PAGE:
Every year, whether you are fat or thin, whether you lose weight or gain, 10 percent of your fat cells die. And every year, those cells that die are replaced with new fat cells. The result is that the total number of fat cells in the body remains the same, year after year throughout adulthood. Losing or gaining weight affects only the amount of fat stored in the cells, not the number of cells.
Obesity investigators say the study raises tantalizing questions: What determines how many fat cells are in a person’s body? When is that number determined? Is there a way to intervene so people end up with fewer fat cells when they reach adulthood? And could“This is a new way of looking at obesity,” said Dr. Lester Salans, an obesity researcher and emeritus professor at Mount Sinai School of Medicine in New York.
But for now, researchers say, they do not have a clue about how to answer those questions.
“There is a system waiting to be discovered,” said Dr. Jeffrey S. Flier, an obesity researcher and dean of Harvard Medical School.
Dr. Flier and other obesity researchers cautioned, though, that even if scientists knew how the fat cell system worked, it was not clear that it would be safe or effective to treat obesity by intervening. One of the hard lessons of the past couple of decades has been that the body has redundant controls to maintain weight.
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“I suspect that the body’s regulation of weight is so complex that if you intervene at this site, something else is going to happen to neutralize this intervention,” Dr. Salans said.
But the discovery is also leading to new ways to address other questions about obesity. For example, what happens to people who are thin until adulthood and then gain a lot of weight? The study focused on people who had been fat since childhood, the usual route for adult obesity. The situation may be different for people who got fat later. They may actually grow new fat cells — the ones they had may have become so stuffed with fat that they could hold no more.
Another question is whether fat cells removed with liposuction grow back.
Both questions are now under investigation by the Swedish researchers.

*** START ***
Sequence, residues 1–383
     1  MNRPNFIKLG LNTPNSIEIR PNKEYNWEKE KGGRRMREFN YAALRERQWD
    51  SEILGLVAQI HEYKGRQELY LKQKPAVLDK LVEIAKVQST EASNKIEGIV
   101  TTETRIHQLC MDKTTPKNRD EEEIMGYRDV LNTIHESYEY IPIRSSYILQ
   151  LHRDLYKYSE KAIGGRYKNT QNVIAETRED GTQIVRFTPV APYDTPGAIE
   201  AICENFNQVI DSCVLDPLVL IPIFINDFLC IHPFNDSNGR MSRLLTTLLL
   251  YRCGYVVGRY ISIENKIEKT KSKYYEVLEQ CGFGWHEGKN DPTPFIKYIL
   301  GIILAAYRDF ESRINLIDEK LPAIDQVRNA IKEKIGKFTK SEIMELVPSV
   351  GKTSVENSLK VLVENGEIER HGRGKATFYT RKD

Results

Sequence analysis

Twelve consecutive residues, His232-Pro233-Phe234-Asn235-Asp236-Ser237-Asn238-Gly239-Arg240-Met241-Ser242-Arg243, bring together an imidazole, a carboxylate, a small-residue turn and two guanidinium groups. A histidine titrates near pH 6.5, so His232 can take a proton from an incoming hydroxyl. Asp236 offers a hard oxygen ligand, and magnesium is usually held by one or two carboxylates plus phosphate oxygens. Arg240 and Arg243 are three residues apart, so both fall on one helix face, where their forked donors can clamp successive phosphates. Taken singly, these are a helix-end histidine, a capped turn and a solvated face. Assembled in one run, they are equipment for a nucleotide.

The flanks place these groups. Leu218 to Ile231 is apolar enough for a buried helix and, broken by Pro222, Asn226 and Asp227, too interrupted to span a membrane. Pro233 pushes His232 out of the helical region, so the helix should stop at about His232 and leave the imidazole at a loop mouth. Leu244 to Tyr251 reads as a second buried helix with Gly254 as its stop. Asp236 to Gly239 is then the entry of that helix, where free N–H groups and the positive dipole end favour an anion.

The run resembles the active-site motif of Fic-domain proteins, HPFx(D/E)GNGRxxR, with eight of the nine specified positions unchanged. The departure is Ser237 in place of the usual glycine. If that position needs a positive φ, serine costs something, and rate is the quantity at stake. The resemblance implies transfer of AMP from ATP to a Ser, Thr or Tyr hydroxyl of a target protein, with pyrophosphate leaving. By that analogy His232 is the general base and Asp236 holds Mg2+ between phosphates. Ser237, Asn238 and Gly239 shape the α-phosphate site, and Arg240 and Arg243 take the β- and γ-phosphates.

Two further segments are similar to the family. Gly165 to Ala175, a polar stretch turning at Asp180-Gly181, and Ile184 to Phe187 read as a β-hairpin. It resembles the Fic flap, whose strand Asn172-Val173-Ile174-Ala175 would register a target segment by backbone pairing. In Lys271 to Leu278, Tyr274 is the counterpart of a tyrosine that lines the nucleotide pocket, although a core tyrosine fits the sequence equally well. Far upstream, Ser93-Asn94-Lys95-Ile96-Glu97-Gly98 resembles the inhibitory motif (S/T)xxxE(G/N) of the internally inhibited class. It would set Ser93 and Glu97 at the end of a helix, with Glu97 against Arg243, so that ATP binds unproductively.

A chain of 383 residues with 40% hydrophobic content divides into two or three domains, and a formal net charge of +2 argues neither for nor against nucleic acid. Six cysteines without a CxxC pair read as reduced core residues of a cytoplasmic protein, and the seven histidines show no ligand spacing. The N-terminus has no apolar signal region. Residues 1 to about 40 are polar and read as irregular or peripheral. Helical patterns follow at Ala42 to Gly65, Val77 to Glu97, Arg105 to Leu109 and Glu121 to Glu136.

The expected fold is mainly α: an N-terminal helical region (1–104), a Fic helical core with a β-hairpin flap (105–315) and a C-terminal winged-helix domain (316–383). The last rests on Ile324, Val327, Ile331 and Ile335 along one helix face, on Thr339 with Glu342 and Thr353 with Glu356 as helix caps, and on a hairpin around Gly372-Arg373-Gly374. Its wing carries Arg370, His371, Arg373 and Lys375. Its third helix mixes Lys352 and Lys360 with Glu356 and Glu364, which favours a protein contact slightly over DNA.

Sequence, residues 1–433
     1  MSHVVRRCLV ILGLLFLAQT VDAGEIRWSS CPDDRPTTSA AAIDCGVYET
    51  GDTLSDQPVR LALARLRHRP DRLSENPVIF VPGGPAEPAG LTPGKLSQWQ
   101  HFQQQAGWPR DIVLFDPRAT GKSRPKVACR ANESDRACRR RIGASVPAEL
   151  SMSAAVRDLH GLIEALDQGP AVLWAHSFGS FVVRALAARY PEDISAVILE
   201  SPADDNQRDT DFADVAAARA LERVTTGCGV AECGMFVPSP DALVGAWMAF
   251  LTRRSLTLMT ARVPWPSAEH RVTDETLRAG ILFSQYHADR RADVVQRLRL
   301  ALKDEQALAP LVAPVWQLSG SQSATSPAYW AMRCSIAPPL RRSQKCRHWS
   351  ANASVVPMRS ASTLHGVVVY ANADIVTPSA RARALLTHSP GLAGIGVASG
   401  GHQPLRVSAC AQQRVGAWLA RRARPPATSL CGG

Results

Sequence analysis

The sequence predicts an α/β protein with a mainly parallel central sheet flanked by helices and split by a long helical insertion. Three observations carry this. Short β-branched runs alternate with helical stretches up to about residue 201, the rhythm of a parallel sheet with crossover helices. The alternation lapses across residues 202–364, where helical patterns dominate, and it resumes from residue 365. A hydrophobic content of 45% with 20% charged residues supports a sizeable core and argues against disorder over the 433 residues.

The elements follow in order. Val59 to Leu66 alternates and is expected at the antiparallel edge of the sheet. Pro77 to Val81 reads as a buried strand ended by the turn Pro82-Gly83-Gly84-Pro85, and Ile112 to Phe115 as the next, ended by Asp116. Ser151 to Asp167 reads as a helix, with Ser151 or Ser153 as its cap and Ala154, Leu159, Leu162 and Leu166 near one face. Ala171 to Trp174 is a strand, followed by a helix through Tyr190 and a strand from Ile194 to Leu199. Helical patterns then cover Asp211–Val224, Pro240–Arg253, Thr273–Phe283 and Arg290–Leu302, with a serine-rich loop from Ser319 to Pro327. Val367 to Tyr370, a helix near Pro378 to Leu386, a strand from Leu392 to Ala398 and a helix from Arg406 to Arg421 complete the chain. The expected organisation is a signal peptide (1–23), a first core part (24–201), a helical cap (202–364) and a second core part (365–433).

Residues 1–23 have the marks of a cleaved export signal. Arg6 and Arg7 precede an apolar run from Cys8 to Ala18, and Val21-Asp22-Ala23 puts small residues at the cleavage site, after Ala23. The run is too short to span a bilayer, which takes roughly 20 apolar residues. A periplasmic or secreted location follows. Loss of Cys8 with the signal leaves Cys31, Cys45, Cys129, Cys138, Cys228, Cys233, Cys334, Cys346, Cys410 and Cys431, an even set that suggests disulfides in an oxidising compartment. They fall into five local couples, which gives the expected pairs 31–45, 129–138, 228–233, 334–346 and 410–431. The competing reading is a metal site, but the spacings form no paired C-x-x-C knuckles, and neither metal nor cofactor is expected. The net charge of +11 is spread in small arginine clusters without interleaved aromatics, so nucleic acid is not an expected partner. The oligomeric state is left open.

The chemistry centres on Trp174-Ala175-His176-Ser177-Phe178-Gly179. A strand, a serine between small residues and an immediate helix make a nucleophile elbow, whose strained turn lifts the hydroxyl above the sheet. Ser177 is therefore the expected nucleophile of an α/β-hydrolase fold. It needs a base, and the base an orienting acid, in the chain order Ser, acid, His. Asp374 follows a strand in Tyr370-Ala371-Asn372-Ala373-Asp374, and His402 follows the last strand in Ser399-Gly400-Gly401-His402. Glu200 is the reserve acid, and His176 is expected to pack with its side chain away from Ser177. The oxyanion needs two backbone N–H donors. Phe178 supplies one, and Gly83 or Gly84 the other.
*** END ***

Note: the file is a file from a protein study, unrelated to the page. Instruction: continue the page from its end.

In a way, Dr. Flier noted, the discovery is a sort of back-to-the-future moment. There was a time a few decades ago, before the current interest in how the brain regulates how much is eaten, when obesity researchers spent all their time studying and discussing fat cells. Investigators discovered that fat people had more fat cells than thin people and that fat cells shrank with weight loss and bulged with weight gain.
Dr. Jules Hirsch of Rockefeller University in New York, who did many of the initial studies with humans, said he started because he could not understand why people who lost weight regained. “They should have been cured,” Dr. Hirsch said. After all, he said, if you cut out a fatty tumor, the fat does not grow back. Why was fat lost from dieting different?
The result was the fat cell hypothesis, a notion that obsessed researchers. Fat cells, the hypothesis said, are laid down early in life and after that, they can change only in size, not in number. When people lose weight and their fat cells shrink, that creates a signal to fill the cells again, making people regain. “We didn’t know a lot about obesity, so that was what we talked about,” Dr. Flier said.
But the discussions stalled. It was not clear what to do about those discoveries or what they meant to efforts to help people lose weight. And no one had a method to ask whether fat cells were being created and destroyed during life. Few even thought to ask that question.
That changed only recently when the new paper’s first author, Kirsty L. Spalding, a neurobiologist at the Karolinska Institute in Sweden, developed a way to ask whether new cells grow in the cortical and cerebellum regions of the human brain. She found no new cells there since birth. One day, she was giving a talk on her brain study when a scientist in the audience, Erik Arner, suggested she use the method to look at fat cells. (Dr. Arner is the second author of Dr. Spalding’s paper.) The method for dating human cells takes advantage of an effect caused by above-ground nuclear bomb testing that took place from 1955 to 1963.
When the bombs were tested, their radioactivity created a spike in the amount of a carbon isotope, C14, in the atmosphere. The C14 made its way into plants and animals that ate the plants. When people ate those plants and meat from the animals, the C14 was incorporated into their human DNA. After the nuclear test ban, C14 levels started to drop. The result is that every cell has a C14 level that reflects the level in the atmosphere at the time the cell was born.
“Each cell is a time capsule of sorts,” Dr. Spalding said.
First the researchers confirmed that the number of fat cells remained constant in adults. Obese people who had weight loss surgery had as many fat cells two years after the surgery as before it, even though they were much thinner.
Then the investigators asked whether fat cells were being born and dying. To do that, they examined fat cells taken from 35 people, fat and lean, who had had liposuction or abdominal wall reconstruction. The amount of C14 in the cells would reveal how old the cells were. Since the number of fat cells remained constant, the number being born had to equal the number dying. And a mathematical model would reveal the dynamics of the cell turnover.
“We found the cells were really quite young,” Dr. Spalding said. “That tells us new cells are being born.” She added: “The million-dollar question now is, What regulates this process? And where can we intervene?”
Source: The New York Times